Annapurna Region Trek

The Annapurna region trek lies towards the north of Central Nepal. The region has been recognized as one of the world’s best trekking trails according to a recent survey by Modern Maturity (USA). The highlights of this part of Nepal are: the Annapurna peaks, Mt. Dhaulagiri, Kali Gandaki River and several other peaks. The Gateway to the Annapurna trekking region is the famous city of Pokhara. The most prominent ethnic groups of the Annapurna region are: Gurungs, Thakalis and Manangbas. The animals found over here include: Pica, blue Sheep and Himalayan Thar and the vegetation ranges from tropical species to temperate forest to oak, beech and Rhododendron.

The popular Annapurna region trek are: Jomsom, Annapurna Circuit. Annapurna Base Camp, Annapurna foothills, Sikles, Lamjung, Dhaulagiri, upper Mustang and around Pokhara. The best time to visit is during spring and autumn; however, unlike other parts of Nepal, one can trek even during the monsoon months.

Getting there

Regardless of the trek that is chosen, it is most likely that Pokhara will either be the starting or the ending point of your trek. Pokhara is located 200 km. west of Kathmandu and can be reached by road. There are a number of tourist buses that are available daily both from Kathmandu and Chitwan.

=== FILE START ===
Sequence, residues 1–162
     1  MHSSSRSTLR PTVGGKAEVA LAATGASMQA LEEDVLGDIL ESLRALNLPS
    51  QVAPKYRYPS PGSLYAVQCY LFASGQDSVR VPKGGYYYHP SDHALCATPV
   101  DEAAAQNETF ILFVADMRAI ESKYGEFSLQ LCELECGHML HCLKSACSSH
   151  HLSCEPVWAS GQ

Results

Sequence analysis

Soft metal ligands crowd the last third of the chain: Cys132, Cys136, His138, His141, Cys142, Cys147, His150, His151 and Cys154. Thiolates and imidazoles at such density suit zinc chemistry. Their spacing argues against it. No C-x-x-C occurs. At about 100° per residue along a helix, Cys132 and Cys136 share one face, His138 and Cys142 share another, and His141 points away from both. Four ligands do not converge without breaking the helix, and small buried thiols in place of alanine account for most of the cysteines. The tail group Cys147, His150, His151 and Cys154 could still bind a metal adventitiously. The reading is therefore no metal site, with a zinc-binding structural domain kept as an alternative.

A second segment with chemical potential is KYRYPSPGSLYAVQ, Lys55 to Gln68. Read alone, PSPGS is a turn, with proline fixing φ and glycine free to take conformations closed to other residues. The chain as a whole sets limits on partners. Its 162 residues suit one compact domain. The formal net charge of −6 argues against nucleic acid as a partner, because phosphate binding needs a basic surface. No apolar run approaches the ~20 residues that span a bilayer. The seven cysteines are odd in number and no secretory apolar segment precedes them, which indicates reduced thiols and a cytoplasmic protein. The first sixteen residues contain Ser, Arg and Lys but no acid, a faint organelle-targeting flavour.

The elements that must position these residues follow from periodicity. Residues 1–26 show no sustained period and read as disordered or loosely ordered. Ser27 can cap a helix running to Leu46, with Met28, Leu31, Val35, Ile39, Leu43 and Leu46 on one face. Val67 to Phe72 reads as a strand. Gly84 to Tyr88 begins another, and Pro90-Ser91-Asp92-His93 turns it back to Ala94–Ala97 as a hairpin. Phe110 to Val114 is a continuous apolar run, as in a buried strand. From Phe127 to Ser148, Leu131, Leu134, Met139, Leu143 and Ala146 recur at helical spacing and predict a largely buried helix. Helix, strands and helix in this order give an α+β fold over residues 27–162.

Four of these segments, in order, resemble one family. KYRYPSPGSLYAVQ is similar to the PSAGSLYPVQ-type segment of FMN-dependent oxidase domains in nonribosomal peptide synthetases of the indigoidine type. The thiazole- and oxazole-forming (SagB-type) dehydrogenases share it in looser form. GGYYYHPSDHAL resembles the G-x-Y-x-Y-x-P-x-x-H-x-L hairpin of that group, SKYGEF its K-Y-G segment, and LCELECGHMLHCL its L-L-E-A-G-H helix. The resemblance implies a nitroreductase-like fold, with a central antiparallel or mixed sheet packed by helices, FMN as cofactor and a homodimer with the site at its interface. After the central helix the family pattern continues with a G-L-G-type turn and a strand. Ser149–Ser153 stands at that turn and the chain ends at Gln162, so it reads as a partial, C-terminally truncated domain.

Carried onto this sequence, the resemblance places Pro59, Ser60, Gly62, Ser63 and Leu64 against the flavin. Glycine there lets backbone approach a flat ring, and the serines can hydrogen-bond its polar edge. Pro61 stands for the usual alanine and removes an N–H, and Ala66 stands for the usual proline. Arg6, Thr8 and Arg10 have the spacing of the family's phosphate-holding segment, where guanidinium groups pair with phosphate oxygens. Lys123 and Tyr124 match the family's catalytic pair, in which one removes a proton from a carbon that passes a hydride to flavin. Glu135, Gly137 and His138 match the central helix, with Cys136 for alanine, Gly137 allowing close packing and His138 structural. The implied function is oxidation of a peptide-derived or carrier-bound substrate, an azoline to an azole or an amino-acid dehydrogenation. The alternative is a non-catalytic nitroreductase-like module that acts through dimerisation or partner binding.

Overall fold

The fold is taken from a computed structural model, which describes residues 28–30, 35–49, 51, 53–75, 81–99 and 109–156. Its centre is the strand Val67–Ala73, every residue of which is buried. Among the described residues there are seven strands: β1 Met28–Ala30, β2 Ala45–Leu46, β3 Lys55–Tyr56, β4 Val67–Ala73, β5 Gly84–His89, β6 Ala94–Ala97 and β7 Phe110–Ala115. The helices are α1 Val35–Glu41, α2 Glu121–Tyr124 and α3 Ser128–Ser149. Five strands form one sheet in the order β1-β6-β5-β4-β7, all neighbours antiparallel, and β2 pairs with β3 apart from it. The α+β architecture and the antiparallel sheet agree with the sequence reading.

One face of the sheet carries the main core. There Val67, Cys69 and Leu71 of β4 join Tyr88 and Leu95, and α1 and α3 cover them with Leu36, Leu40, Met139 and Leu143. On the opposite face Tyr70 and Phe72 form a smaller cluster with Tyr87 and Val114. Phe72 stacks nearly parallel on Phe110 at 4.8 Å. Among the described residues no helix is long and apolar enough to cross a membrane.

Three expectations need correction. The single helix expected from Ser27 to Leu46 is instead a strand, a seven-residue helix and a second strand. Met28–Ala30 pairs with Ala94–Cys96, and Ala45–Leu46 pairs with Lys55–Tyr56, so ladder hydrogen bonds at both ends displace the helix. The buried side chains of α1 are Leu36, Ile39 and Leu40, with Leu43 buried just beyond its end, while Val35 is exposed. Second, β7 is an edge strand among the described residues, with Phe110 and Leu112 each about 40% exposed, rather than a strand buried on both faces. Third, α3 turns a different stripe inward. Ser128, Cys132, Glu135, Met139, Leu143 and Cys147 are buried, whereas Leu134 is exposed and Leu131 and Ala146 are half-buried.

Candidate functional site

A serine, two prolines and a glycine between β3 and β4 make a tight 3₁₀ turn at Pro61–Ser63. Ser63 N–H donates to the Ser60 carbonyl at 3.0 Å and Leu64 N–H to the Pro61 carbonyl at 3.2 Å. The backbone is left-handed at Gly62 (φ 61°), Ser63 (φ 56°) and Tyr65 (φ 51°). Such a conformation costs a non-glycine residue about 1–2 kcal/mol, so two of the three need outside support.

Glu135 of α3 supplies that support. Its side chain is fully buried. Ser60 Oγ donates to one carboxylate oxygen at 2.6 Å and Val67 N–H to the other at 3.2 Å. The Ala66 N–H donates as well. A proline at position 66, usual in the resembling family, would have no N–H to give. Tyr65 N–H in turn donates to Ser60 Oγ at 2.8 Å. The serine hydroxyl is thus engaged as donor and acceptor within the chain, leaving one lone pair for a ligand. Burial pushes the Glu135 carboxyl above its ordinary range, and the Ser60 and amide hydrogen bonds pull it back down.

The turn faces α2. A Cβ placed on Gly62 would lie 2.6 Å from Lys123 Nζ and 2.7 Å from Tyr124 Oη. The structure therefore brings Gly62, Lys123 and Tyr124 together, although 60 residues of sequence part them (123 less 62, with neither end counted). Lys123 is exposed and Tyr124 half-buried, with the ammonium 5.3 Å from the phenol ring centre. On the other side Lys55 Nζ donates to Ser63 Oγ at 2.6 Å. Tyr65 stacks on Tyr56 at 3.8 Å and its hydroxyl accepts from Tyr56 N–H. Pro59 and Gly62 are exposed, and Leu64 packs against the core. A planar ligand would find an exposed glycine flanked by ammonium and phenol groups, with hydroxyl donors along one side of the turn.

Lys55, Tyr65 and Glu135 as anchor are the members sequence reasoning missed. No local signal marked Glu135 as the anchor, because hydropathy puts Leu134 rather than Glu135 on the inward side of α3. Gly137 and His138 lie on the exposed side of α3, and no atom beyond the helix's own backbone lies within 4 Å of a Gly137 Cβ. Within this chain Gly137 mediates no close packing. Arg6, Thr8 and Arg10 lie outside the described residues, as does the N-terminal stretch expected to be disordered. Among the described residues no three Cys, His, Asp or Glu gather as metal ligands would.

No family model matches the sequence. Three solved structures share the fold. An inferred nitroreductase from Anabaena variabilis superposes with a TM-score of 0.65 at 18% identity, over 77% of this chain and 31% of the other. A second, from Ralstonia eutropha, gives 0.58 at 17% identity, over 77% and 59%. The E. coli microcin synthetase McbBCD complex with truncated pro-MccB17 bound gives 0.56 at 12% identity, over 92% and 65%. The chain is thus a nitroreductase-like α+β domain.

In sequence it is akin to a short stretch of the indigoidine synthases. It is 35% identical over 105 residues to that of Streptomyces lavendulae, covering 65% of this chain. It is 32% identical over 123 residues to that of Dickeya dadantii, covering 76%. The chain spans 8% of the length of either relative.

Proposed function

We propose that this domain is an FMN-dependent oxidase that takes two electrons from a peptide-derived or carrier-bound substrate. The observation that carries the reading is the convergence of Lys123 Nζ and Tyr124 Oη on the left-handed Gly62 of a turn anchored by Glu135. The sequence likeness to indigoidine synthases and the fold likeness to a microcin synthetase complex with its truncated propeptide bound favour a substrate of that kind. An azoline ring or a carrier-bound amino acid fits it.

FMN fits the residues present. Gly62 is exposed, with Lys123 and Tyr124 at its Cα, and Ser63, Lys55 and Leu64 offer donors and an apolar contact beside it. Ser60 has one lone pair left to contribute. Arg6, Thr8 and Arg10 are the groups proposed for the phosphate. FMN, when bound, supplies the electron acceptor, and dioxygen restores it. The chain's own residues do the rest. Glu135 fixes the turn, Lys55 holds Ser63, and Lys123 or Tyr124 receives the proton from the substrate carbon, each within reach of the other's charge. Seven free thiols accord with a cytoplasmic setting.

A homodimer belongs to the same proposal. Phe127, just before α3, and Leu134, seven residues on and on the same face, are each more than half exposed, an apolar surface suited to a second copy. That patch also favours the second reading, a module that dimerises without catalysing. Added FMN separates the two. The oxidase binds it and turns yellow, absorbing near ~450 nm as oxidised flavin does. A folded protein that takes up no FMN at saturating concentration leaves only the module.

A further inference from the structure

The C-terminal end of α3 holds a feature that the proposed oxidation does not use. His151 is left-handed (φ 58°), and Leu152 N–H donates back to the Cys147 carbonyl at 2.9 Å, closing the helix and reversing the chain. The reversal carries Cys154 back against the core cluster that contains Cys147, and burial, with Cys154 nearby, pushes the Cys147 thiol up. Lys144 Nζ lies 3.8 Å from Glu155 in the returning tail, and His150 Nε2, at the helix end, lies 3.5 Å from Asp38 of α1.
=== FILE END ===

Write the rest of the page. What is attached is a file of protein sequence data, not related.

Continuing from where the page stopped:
There is no shortage of tourist facilities in and around Pokhara. The main centre for tourists is at the side of the largest of the three lakes in the area, Phewa Taal and there are a lot of agencies and suppliers of souvenirs and trekking equipments on the suburbs. For those trekking in the eastern side of the Annapurna massif, the most likely starting point will be Besishahar, the district headquarters of Lamjung district. Buses from Kathmandu, Pokhara and Terai arrive and depart from here on a regular daily basis. The bus trip from Kathmandu to Besishahar takes around four to five hours but, at this time, there are no tourist bus services available.

Most treks starting or ending in Pokhara will require the use of buses or hired cars to reach the trailheads. Specific details appear in the trek descriptions.